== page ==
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Neurological Sciences

Sciences Neurologiques


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On-line publication of the contents and abstracts is supported by
an educational grant from Janssen-Ortho Inc.

Cross Sensitivity of Skin Rashes with Antiepileptic Drugs

Chris Hyson and Mark Sadler

Abstract: Background: Skin rashes are a well known complication of antiepileptic drug (AED) treatment. It has also been recognized that some patients will develop rashes from multiple AEDs (cross sensitivity). There are very few studies that have attempted to determine the frequency of cross sensitivity among AEDs. Methods: Charts of all patients attending an epilepsy outpatient clinic were reviewed to determine AED exposure and the occurrence of a rash from AEDs. Results: 633 patients had 1,875 exposures to 14 AEDs. Rashes occurred from carbamazepine (N = 27), phenytoin ( N = 21), phenobarbital (N = 5) and lamotrigine (N = 1). A rash from 2 or more AEDs occurred in 14 patients and involved predominantly carbamazepine and phenytoin. Among the patients exposed to both phenytoin and carbamazepine 10/17 (58%) of patients with a rash from phenytoin also had a rash from carbamazepine; conversely 10/25 (40%) patients with a carbamazepine rash also had a rash from phenytoin. 4/5 patients with a phenobarbital rash were sensitive to carbamazepine and/or phenytoin. Amongst the other most commonly used AEDs no rashes occurred from valproic acid or clobazam. Conclusions: The cross sensitivity rate for rashes involving carbamazepine and phenytoin is 40-58%. If a rash develops from either of these AEDs, valproate or clobazam are safe alternatives.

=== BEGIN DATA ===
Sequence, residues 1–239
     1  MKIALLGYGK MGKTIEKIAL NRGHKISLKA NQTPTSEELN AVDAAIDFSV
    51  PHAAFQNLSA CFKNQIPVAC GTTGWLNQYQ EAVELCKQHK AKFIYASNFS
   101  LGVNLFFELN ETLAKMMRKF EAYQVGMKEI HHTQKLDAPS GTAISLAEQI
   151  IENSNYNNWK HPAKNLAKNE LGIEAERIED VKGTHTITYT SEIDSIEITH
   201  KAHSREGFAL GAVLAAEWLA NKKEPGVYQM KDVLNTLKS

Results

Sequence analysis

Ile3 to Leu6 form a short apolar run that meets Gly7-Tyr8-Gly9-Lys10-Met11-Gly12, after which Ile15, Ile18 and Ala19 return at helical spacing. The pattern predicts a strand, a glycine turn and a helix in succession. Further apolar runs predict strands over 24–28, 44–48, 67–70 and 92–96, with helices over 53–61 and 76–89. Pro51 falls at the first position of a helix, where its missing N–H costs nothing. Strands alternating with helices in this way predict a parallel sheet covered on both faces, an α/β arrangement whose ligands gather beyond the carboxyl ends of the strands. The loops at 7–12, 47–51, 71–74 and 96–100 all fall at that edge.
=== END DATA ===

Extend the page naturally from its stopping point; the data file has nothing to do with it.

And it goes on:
Can. J. Neurol. Sci. 1997; 24: 245-249

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